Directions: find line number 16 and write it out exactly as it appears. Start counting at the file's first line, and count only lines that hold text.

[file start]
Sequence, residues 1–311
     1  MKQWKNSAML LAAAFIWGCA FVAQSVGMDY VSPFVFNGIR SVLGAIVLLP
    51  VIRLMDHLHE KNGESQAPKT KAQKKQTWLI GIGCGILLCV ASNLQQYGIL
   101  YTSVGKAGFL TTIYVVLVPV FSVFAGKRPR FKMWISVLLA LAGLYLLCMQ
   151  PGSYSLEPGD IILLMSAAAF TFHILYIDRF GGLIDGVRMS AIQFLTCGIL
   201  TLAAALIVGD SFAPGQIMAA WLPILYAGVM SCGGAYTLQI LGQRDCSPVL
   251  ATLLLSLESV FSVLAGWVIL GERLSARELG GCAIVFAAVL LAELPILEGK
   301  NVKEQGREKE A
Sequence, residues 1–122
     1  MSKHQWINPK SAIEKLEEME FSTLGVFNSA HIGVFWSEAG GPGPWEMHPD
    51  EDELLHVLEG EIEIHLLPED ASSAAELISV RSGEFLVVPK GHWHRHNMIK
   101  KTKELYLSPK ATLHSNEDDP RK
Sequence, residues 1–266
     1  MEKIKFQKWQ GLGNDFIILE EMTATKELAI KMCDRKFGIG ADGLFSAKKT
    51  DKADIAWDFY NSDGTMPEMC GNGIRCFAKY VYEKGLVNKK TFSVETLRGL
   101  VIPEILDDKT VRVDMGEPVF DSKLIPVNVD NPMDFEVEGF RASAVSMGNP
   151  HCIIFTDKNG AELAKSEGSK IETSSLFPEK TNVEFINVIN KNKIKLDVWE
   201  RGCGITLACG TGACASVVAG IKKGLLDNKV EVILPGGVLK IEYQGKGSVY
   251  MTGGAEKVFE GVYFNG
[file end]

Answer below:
   101  VIPEILDDKT VRVDMGEPVF DSKLIPVNVD NPMDFEVEGF RASAVSMGNP